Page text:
Published on: December 5, 2019
by Nicholas Sokic for National Post:
Depression, stroke and dementia are twice as common in women as in men. Among Alzheimer’s patients, 70 per cent are female. But according to Lynn Posluns, the driving force behind the first “Women’s Brain Health Day,” launched this week, most research on these disorders focus on only one gender — right down to the mice used as study subjects.
A prominent businesswoman and philanthropist, Posluns first became aware of the sex bias in clinical research while working with Baycrest, a geriatric care and research centre. There were clearly huge numbers of women suffering from neurodegenerative disorders, but there didn’t seem to be much science to explain why.
“Historically, most of the studies have been done on males because the hormones in women make (research) more complicated,” says Posluns. “But just because we’re more complex doesn’t mean you shouldn’t study us.”
In 2012, she decided to tackle that gap head-on by establishing the Women’s Brain Health Initiative, a global think tank based in Toronto. Since then, the organization has created the first chair in women’s brain health and aging, awarded to University of Toronto professor Gillian Einstein, and is working with both the Alzheimer’s Society of Canada and the Canadian Consortium on Neurodegeneration in Aging (CCNA), a group of 340 neuroscientists focused on dementia research.
“(Researchers) will put women and men together and they’ll control for sex, but what they’re doing is they’ll actually getting rid of any sex effects,” she explains. “What they should be doing is analyzing the men and women separately and seeing if there’s any difference.”
To combat this invisibility, she says, “One of our requirements is that anyone using CCNA data report the sex of the animals they’re studying when they write a paper — as well as actually incorporating sex differences into their research.”
In her own research, Einstein certainly sees the impact of sex on brain health.
“We’re studying women who have their ovaries removed before they would naturally go into menopause,” she says. “Our pilot results suggest that even though it is slight, women with their ovaries removed have poorer memories than women who have kept their ovaries.”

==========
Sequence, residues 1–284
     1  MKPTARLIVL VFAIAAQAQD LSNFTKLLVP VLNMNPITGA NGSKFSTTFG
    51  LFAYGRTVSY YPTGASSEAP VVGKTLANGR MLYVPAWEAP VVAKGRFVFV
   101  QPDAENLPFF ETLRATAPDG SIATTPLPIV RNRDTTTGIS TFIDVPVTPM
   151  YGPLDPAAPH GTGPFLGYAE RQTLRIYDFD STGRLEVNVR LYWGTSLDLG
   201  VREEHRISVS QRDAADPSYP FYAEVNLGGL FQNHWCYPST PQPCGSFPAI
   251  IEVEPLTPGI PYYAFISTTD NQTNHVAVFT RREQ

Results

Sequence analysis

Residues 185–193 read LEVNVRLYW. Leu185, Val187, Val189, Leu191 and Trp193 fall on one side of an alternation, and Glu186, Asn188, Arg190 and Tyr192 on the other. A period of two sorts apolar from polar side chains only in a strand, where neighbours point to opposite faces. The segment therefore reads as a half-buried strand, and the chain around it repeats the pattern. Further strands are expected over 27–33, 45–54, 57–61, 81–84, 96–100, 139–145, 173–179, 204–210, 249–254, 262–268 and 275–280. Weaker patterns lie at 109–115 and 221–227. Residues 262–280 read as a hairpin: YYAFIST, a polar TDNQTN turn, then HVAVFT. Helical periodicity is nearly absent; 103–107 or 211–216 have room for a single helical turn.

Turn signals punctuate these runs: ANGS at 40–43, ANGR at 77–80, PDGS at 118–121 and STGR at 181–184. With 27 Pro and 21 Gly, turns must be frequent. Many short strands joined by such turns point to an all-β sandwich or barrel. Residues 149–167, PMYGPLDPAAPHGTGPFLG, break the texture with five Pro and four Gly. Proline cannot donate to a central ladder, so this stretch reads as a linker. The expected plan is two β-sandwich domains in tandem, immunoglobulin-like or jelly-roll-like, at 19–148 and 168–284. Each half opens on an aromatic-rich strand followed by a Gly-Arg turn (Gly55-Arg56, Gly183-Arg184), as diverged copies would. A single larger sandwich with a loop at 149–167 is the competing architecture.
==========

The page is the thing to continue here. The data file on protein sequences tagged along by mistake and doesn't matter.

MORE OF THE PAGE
Einstein also points to the shift in ovarian hormones that happens around menopause as a potential factor in dementia.
On Monday, WBHI launched the “Stand Ahead” challenge to raise more money for research on women and the brain. Participants are sponsored to post a video or photo of themselves in a head stand, with Brain Canada (which gets funding from Health Canada) matching donations up to $250,000.
The spectacle involved — the event’s promotional video includes Jeanne Beker, Pooja Handa and Cheryl Hickey, among others — is par for the course among health philanthropists these days (see: ice bucket showers for ALS and Movember). But as Posluns explains, the WBHI also wanted to engage younger people in their work, “because what you do in your 20s and 30s affects your brain in your 70s and 80s. The earlier you engage in healthy lifestyle choices the stronger the effect will be.”
Of course, for those already in their 70s and 80s — and those who care for them — the urgency of brain research focused on women is obvious. According to the Alzheimer’s Society of Canada, there are 25,000 diagnoses of dementia each year at an annual cost of $10.4 billion in care. By 2035 there will be close to a million Canadians living with the condition. Meanwhile, says Posluns, there are only two approved drug treatments. And those only help with some of the symptoms some of the time.
“(Alzheimer’s) will become the greatest economic and social disaster of the 21st century if we don’t find answers,” Posluns said. “As we age and mortality rates come down from heart disease and cancer, we’ll live longer but not necessarily healthier. As people get older I think this has become a more feared disease than cancer.”
Female lab rats are clearly needed.
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